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Should I go for social work or counseling?

Discussion in 'Psychology [Psy.D. / Ph.D.]' started by cocopepper, Aug 18, 2017.

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  1. cocopepper

    cocopepper

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    Aug 18, 2017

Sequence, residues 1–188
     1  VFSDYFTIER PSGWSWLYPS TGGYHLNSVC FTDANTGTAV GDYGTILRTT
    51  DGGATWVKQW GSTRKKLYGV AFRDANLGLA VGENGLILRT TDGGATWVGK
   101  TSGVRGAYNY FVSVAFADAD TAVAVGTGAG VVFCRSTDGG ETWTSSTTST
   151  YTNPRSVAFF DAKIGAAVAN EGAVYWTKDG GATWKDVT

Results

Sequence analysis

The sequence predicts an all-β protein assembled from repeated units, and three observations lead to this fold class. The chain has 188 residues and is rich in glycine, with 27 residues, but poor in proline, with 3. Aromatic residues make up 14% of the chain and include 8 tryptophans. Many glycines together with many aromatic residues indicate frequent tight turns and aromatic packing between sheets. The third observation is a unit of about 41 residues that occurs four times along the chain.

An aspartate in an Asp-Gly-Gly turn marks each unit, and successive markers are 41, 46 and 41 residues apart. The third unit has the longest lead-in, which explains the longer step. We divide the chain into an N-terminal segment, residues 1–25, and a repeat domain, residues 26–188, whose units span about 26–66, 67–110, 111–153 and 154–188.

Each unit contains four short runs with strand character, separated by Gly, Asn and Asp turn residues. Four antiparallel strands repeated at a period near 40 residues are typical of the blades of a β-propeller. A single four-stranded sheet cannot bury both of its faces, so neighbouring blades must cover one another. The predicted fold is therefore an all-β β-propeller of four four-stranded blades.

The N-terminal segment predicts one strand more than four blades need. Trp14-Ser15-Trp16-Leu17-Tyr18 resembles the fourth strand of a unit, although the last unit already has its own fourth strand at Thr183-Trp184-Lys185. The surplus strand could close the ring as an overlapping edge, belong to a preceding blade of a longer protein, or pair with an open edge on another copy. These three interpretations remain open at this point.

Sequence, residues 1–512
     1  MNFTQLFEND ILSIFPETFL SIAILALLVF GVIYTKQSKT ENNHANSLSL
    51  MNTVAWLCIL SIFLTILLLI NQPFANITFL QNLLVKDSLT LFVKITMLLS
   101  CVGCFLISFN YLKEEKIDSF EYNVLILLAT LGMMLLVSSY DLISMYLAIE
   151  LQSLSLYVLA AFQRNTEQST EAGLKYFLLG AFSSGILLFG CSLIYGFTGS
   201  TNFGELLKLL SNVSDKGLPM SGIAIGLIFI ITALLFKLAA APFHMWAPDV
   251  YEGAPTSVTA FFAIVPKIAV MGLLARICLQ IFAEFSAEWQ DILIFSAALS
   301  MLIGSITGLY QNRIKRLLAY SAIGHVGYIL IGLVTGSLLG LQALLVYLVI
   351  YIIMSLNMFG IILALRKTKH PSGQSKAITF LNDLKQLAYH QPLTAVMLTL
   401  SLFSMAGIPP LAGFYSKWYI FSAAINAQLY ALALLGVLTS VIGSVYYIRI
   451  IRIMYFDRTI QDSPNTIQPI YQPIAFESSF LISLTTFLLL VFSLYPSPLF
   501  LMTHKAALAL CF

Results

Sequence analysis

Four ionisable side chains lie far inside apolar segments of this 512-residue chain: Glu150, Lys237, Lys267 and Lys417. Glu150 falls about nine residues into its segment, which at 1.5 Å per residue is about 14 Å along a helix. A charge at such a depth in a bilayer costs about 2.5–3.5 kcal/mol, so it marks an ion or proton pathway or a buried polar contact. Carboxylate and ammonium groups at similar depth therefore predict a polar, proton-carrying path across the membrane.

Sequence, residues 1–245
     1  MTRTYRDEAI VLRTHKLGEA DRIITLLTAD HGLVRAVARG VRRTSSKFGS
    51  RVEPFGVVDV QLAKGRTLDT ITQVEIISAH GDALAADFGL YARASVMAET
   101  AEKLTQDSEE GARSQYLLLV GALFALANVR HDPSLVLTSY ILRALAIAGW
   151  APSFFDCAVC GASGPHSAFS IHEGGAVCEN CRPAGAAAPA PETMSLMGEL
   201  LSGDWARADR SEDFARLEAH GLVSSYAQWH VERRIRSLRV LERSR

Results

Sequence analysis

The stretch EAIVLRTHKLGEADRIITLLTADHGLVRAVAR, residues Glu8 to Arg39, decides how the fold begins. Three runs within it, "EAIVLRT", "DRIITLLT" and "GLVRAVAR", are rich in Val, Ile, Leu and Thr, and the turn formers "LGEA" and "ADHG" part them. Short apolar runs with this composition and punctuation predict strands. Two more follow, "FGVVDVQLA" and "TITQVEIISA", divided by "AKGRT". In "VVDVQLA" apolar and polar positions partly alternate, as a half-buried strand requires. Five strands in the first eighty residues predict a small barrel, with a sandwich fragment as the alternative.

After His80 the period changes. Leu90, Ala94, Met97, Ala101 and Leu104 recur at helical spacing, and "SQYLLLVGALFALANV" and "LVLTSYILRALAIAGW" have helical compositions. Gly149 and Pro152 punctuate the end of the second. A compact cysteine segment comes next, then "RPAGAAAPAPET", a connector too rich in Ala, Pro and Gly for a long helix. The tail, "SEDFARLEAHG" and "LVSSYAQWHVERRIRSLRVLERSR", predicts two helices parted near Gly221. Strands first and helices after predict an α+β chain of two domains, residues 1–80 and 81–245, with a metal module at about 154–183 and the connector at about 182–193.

I could use opinions on whether to pursue a masters in social work (department of health) or counseling (department of education). I've been out of the work force for awhile raising my family. I have an MA in anthropology and prior experience teaching at the university level. I know I'd like to be a therapist, and preferably one day self-employed. I also think it'd be cool to teach again at the college level. My local university offers the two above-listed programs. I met with reps from both departments and both were very friendly. The head of the counseling program recommended I go into school counseling, as doing so would allow me access to both school jobs and private practice. Both programs are 2 year and cohort-based. I like the counseling program because it's very clinical. Apparently we start counseling clients the 1st semester! I like the possibility of grade-school employment. OTOH, I prefer the SW program because it's in the health sciences department which seems like it might be respected more in terms of offering therapy. Is that right? Overall, the department seems more academic and scholarly, which I also like. The problem is, the program isn't clinical at all. Which means after two years, I'll have a degree, but no experience counseling anyone. How do I obtain that experience? How much more formal education will I require in order to offer therapy? I'd love some insight into this. Thanks!